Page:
4 2018 Male: Tye Dillinger
Nobody was ever going to confuse Tye Dillinger with a future main event talent when WWE called him up to the main roster last year. But he was really over with audiences, thanks to those "10" chants that WWE reportedly grew uncomfortable with at some point. By now, this should be no surprise to anyone who knows WWE is seldom keen on wrestlers getting over organically.
While Dillinger dealt with injuries for a good part of 2018, it's also worth noting that he had been in only fourteen matches all year long, including house shows and both men's Royal Rumble matches. Right now, it's no longer a matter of whether WWE will be releasing the Perfect 10 or not. It's a matter of when.
3 2018 Female: Dana Brooke
It's been more than a year since WWE released a woman from the main roster. With NXT stars such as Shayna Baszler (and her fellow MMA Horsewomen), Kairi Sane, and Bianca Belair all looking like potential call-ups at some point in 2019, a few main roster ladies may soon be wished the best in their future endeavors, and WWE might start with 2018's least useful female wrestler, Dana Brooke.
From bland babyface beginnings to an ill-fitting role as Titus Worldwide's "statistician" to her present role as a generic heel jobber, Brooke's upside has never been lower. She just hasn't been able to improve in any facet of wrestling, and that's why she ended 2018 at the bottom of WWE's totem pole as far as the women's division is concerned.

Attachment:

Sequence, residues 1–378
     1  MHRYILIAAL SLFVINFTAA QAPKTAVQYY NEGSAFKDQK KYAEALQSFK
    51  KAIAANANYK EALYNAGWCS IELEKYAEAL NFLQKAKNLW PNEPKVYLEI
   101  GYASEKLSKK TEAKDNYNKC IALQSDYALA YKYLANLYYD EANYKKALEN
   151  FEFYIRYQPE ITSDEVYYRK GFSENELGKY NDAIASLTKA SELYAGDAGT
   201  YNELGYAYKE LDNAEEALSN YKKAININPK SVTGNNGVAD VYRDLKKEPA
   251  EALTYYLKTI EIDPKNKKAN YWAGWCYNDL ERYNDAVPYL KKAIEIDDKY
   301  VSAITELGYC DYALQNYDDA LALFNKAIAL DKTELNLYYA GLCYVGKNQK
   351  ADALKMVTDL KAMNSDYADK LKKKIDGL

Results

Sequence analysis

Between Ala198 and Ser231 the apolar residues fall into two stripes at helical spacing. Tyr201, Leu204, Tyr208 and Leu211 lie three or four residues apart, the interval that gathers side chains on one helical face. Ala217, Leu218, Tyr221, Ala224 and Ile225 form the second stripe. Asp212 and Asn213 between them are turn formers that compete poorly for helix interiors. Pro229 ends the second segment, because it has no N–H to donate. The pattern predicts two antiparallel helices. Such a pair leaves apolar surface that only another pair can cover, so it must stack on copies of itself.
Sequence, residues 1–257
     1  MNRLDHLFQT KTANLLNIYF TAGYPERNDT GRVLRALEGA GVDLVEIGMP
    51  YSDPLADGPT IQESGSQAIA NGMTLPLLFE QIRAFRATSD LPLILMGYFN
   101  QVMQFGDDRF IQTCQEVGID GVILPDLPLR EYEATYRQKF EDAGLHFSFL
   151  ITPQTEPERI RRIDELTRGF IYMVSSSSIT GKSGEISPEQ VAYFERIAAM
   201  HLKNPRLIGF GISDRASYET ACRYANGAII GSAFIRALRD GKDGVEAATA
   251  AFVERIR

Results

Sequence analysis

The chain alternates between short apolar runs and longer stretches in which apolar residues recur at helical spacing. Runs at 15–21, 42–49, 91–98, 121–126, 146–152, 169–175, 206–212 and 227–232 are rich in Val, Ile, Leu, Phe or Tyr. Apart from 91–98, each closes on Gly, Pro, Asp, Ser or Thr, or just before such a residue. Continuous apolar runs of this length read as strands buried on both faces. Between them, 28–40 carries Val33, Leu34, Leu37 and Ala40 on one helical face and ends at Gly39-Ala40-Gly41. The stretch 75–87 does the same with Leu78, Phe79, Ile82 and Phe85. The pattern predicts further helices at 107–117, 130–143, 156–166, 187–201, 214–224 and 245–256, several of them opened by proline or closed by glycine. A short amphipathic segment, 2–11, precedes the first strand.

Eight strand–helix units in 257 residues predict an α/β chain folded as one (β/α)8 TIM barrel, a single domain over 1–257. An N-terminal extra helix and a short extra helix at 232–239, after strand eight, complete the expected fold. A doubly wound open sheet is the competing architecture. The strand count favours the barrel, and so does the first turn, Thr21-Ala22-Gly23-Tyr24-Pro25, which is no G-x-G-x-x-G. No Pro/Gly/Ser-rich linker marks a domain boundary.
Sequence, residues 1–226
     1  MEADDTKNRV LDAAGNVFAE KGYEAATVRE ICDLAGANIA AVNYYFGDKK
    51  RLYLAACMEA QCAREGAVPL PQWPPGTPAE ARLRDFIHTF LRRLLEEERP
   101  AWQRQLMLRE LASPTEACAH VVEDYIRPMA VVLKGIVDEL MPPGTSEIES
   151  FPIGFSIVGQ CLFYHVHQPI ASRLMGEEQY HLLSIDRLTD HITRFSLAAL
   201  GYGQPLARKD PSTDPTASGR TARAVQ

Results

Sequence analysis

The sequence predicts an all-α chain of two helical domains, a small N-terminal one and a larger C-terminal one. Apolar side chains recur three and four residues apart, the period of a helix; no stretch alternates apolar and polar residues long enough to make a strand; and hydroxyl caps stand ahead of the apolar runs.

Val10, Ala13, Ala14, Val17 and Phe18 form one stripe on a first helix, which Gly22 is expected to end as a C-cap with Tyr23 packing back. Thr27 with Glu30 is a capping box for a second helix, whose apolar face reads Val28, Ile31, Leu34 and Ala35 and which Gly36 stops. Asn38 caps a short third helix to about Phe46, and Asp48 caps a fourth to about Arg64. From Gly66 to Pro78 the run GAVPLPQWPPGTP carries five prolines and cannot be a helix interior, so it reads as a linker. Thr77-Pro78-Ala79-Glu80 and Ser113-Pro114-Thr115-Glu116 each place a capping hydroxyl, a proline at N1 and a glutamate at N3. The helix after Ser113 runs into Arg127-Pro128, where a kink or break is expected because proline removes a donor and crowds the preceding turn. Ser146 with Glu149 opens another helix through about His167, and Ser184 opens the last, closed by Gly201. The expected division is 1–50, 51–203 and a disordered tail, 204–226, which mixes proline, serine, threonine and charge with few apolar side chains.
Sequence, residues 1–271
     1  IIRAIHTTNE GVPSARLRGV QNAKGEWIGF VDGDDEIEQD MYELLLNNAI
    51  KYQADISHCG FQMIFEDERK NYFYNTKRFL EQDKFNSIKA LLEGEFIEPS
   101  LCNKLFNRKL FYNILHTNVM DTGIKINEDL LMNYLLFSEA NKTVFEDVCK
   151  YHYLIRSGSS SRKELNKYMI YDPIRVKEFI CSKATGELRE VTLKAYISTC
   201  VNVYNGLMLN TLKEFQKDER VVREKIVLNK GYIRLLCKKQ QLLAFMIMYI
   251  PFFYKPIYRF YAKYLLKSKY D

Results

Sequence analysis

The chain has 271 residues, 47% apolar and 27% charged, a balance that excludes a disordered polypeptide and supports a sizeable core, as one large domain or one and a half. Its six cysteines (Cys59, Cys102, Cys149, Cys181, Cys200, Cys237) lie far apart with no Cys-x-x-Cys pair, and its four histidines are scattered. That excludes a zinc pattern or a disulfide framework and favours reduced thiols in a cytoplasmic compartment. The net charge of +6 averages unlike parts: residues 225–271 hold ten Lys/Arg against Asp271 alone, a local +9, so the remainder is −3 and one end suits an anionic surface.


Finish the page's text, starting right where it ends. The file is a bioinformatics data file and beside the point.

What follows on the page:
2 2019 Male: Heath Slater
Now we're moving on to the final stage of this list and making some predictions for the new year. Slater's recent involvement in Baron Corbin's "General Manager" storyline was the first relevant thing he had done since moving to Raw in the last Superstar Shakeup, but as far as 2019 goes, we could see him showing up even less on our TV screens as he did in 2018.
All things considered, Slater has had a good long run as a comedy wrestler, and WWE seems to like him. The influx of talent expected in 2019 might claim some casualties (Mojo Rawley, The Colons, Tye Dillinger, et al.), and while Slater might once again be spared (he's got kids, you know), it'll probably be at the price of being a true main roster afterthought.
1 2019 Female: Sonya Deville
The seeds are being planted for a women's mid-card feud between Mandy Rose and Sonya Deville, and you won't get any prizes if you guess who Vince McMahon would favor in such a rivalry. Yes indeed, WWE has some big plans in store for the Golden Goddess, but as far as her former Absolution stablemate goes, her upside seems to be capped at "lower-card babyface underdog" once the (expected) feud with Rose is over.
To be honest, this could go either way – if WWE cleans house in 2019, Deville could easily be included in the spring cleaning, but she could also stick around as a hardly-utilized main roster wrestler or hone her skills down at NXT in 2019. The youth is there and so is the potential, but NXT has more than a few women who could push her to the background when they get called up.